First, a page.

Smartwings first to land a 737 MAX in Antarctica

Boeing 737 MAX 8 of Smartwings in Antarctica. Source: Sven Lidström/Norske Polar InstituteBoeing 737 MAX 8 of Smartwings in Antarctica. Source: Sven Lidström/Norske Polar Institute

Smartwings became the first carrier in the world to land a Boeing 737 MAX in Antarctica. The aircraft, with tail

Smartwings became the first carrier in the world to land a Boeing 737 MAX in Antarctica. The aircraft, with tail number OK-SWB, transported Norwegian polar explorers to the Troll Airfield “airport”.

Currently, the aircraft is on its way back. Fligtradar24.com pointed out that Smartwings is the first carrier to land this type of aircraft at the Antarctic airport. For Smartwings, this is reportedly the first ever landing in Antarctica.

Employees of the Norwegian Polar Institute were aboard the aircraft, which also carried supplies for polar explorers. According to Flightradar24.com, the plane flew from Oslo to Prague, then from Prague to N’Djamena, the capital of Chad. After a stopover, the aircraft continued to Cape Town, South Africa. It landed at Troll Airfield after a six-hour flight from South Africa.

The aircraft spent approximately two hours in Antarctica before heading again to Oslo, Norway via Cape Town. The Smartwings crew received continuous in-flight weather and airport availability reports via data link and satellite phone. A 3,000 meter long and 60 meter wide ice-covered runway is used for landing and take-off. The ice layer was measured and analyzed before the flight. The surface has been specially treated and the braking effect has been measured in advance by the Norwegian Polar Institute staff to ensure that the take-off and landing could be carried out in accordance with the aircraft manufacturer’s regulations and standards, while maintaining all safety parameters.

Flight planning months in advance

Landing on a glacier requires a highly specialized crew, which consisted of three experienced Smartwings captains: Tomas Nevole, Jan Stastny and Lubomir Malik. “You need to prepare thoroughly for such a flight. The preparation took many months, the flight and landing went smoothly,” says Tomáš Nevole, Captain and Flight Director of Smartwings.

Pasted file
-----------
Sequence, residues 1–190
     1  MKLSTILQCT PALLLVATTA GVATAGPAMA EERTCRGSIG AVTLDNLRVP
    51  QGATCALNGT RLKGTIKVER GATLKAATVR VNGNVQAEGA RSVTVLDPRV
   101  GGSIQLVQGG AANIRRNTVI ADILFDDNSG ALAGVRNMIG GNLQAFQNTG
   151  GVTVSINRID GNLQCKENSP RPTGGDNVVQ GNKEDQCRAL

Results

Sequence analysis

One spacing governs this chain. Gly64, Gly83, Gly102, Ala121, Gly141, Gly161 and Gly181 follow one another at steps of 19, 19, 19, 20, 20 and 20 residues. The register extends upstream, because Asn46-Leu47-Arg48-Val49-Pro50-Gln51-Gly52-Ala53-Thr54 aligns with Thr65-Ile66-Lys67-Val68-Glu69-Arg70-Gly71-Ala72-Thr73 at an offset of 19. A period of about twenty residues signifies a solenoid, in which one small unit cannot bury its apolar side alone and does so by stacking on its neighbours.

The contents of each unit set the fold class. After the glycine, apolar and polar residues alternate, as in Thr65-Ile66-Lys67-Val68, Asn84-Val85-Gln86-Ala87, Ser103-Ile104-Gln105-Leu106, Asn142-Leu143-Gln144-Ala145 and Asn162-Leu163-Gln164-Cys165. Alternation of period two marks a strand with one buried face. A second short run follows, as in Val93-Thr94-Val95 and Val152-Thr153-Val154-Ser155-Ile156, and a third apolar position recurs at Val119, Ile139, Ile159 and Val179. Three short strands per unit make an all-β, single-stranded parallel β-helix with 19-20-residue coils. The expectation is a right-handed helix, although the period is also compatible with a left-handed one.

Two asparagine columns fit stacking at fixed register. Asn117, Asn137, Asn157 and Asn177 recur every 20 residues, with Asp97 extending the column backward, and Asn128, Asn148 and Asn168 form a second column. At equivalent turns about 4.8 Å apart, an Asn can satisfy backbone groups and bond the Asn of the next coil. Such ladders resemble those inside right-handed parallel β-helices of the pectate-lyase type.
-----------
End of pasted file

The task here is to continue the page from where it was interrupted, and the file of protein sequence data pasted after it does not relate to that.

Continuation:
The captains had to undergo training to familiarize themselves with the area of operation and the airport. All crew members underwent Arctic survival training. The aircraft was equipped with polar survival kits including polar clothing for the crew, in addition to carrying some essential spare parts on board.

The weather was closely monitored for five days before departure based on forecasts from the German meteorological institutes DWD and AWI, which have information resources in Antarctica. For this type of operation, at least one dispatcher is assigned to the Smartwings control room, who constantly monitors and evaluates the airport and weather conditions and is in contact with the crew in case of changes. During the flight, the technical condition of the aircraft is also evaluated at the Smartwings technical department in Prague via an automated data link.

The airport was built in 2005 and is completely on ice. The average temperature in the area is around 25 degrees Celsius below zero, in the summer the temperatures approach 0 °C. Landing at the airport is by visual approach without the aid of instruments. The flight was chartered by Aircontact to transport members of the Norwegian Polar Institute to their base. The Troll Research Station operated by the Norwegian Polar Institute is located 235 kilometers offshore in the eastern part of the Princess Martha Coast in Queen Maud Land, Antarctica, and is dedicated to environmental and climate monitoring, scientific research and mapping.

The runway itself is built on a glacier at an altitude of 1,232 meters. No back-up airport can be planned in place of Troll Airfield. All the necessary equipment is available, including adequate fire-fighting equipment, approach charts created specifically for this airfield and flight, and experienced staff under the direction of Sven Lidström of the Norwegian Polar Institute, who is responsible for Troll Airfield.

As this is an isolated airfield with no other landing options within range, it was necessary to obtain an assessment and approval from the Civil Aviation Authority of the Czech Republic for the use of Troll Airfield. Smartwings’ next flight to Antarctica is expected to take place at the end of February 2022.

Tagy Antarctica Boeing 737 MAX Smartwings Troll Airfield
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